Exclusive: Andra Day On The Golden Globe-Winning ‘The United States vs. Billie Holiday’
‘I think the reason her story is still relevant is because it’s never truly been told’
If you’ve seen Lady Sings the Blues and think you have The United States vs. Billie Holiday figured out, you are in for a surprise. A shock even. For decades, the picture most of us have had of Billie Holiday is one of a hopeless drug addict with awful taste in men, save for the one man, played by Billy Dee Williams, who loved Holiday fiercely but still couldn’t pull her from the clenches of drugs.
Many people also think of her solely as the woman who sang the antilynching song, “Strange Fruit,” back in 1939. And, if we are telling the truth, we thought that was it. Only it wasn’t.
But now it’s 2021, and we should be used to investigating the full truth about Black women, especially the famous ones. After all, don’t they still downplay that Josephine Baker was a spy for the French Resistance during World War II? Or ignore how active Madam C.J. Walker was in the antilynching movement? Not to mention, we still don’t have a proper film for Nina Simone, who certainly used her voice to stand up against injustice during the civil rights movement.
That sad reality of Black women going ignored despite our heroism is not lost on Andra Day, who strips back the layers of the largely unsung Holiday to render her in ways we’ve never seen in the newly released Lee Daniels-directed film.
“We’re not talking about the jazz singer. We are not talking about a troubled person. We are talking about a hero,” says Day, the singer up until now who is perhaps most widely known for singing social justice anthem “Rise Up.” But she has a long history, and this afternoon, she is chatting about her Golden Globe nomination for best actress. “We are talking about the true godmother of the civil rights movement. If it were not for her sacrifice or her singing ‘Strange Fruit,’ we would not know the civil rights movement as we know it today.”
That is no hyperbole or exaggeration on Day’s part. Not when you know the full story of how the federal government, particularly Harry J. Anslinger, relentlessly targeted Holiday for refusing his command to stop singing “Strange Fruit.” Pulitzer Prize-winning playwright Suzan-Lori Parks crafted the screenplay for The United States vs. Billie Holiday and largely based it on a chapter of the bestselling book Chasing the Scream: The First and Last Days of the War on Drugs by British writer Johann Hari, in which he wrote about Anslinger’s witch hunt of Holiday.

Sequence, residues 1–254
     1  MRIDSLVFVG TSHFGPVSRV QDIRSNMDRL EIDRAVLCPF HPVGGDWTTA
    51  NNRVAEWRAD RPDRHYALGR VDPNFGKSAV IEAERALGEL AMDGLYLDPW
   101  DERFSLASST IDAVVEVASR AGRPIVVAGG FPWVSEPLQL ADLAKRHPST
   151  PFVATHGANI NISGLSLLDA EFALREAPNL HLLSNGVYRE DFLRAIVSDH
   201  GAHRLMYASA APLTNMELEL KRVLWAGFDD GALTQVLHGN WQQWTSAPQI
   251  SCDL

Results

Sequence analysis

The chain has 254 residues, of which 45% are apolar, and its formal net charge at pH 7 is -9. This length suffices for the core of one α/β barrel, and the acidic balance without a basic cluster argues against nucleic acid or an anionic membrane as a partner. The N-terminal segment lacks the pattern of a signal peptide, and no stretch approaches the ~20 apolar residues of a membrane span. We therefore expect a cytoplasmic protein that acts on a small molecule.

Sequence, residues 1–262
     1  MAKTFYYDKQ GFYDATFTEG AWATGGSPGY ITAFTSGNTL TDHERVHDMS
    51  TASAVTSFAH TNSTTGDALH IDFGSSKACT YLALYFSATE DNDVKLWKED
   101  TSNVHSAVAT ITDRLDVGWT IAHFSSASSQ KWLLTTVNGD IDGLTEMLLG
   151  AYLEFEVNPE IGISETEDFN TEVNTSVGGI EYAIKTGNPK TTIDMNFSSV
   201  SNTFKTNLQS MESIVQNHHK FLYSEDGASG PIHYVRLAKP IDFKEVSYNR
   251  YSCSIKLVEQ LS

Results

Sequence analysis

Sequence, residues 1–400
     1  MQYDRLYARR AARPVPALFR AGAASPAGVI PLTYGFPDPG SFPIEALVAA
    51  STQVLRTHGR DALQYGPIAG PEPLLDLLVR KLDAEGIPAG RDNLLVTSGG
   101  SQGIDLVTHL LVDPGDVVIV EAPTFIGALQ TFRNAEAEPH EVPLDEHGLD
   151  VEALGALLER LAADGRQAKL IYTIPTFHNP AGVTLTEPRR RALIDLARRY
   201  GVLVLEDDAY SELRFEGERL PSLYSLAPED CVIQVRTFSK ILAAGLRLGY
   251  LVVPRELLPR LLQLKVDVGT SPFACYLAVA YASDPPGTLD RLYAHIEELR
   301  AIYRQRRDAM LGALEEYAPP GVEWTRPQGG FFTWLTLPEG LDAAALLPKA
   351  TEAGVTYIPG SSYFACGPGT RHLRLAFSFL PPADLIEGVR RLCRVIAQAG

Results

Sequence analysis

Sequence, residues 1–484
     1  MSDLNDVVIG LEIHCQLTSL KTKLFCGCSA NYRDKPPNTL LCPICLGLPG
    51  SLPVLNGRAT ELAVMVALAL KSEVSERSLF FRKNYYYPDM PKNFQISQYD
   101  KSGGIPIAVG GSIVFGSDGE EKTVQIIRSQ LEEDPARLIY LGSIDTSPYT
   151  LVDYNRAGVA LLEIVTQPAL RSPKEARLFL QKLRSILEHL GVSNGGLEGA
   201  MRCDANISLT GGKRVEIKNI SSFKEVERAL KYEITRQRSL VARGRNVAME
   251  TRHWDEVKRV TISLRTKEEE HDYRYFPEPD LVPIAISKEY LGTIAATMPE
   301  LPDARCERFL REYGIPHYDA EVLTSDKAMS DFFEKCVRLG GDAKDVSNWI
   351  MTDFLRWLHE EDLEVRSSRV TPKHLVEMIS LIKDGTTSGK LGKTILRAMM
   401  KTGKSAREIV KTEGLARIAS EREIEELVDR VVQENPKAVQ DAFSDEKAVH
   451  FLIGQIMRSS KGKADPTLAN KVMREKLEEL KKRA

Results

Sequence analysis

Anslinger, played by Garret Hedlund in the film, pulled every dirty trick to bring Holiday down. That included getting drug dealers to offer her drugs when she was trying to get clean, planting drugs on her to arrest her, as well as hiring Black federal agents like Jimmy Fletcher, played by Moonlight’s Trevante Rhodes, to infiltrate the Black clubs in which Holiday sang even though he personally disliked Black people. The kicker is Fletcher ultimately got caught in Holiday’s web as they later began a physically and emotionally charged love affair that plays out on the screen.
“I think the reason her story is still relevant is because it’s never truly been told,” Day says. “And I think that is why Black stories are consistently relevant because you realize, ‘oh, we were not told the true history of America… we’re not told the true history about Black history.’”
Getting to the core of the real Billie Holiday was personally challenging for Day. First and foremost, she never saw herself as an actress, and neither did Daniels, to be truthful. Friends brought them together and, once Daniels saw it too, Day put in the work, losing 40 pounds and also incorporating Holiday’s vices of drinking and smoking into her own life. In order to capture Holiday’s musical magic, Day even had to change the way she sang. Helping to whip Day into shape was actress and acting coach Tasha Smith.
“Black women are very rarely celebrated. Period,” Day explains. That’s one of the many reasons The United States vs. Billie Holiday means so much to her. “When we have the movies that come along like this, that celebrate us in our resilience, that celebrate us in the scope of our humaneness, we have to pay attention to these because things like this movie say we are allowed to be human. And as Black women we constantly feel like, ‘okay, we have to live up to people’s expectations,’ these conflicting expectations when we never will,” Day continues.
“This movie simply says we can just allow Billie Holiday to be and love her and celebrate and support her. And it gives us an example. It gives us space to say, ‘this is how we need to be towards our women, towards our Black women.’ So that’s why this movie means so much to me.”
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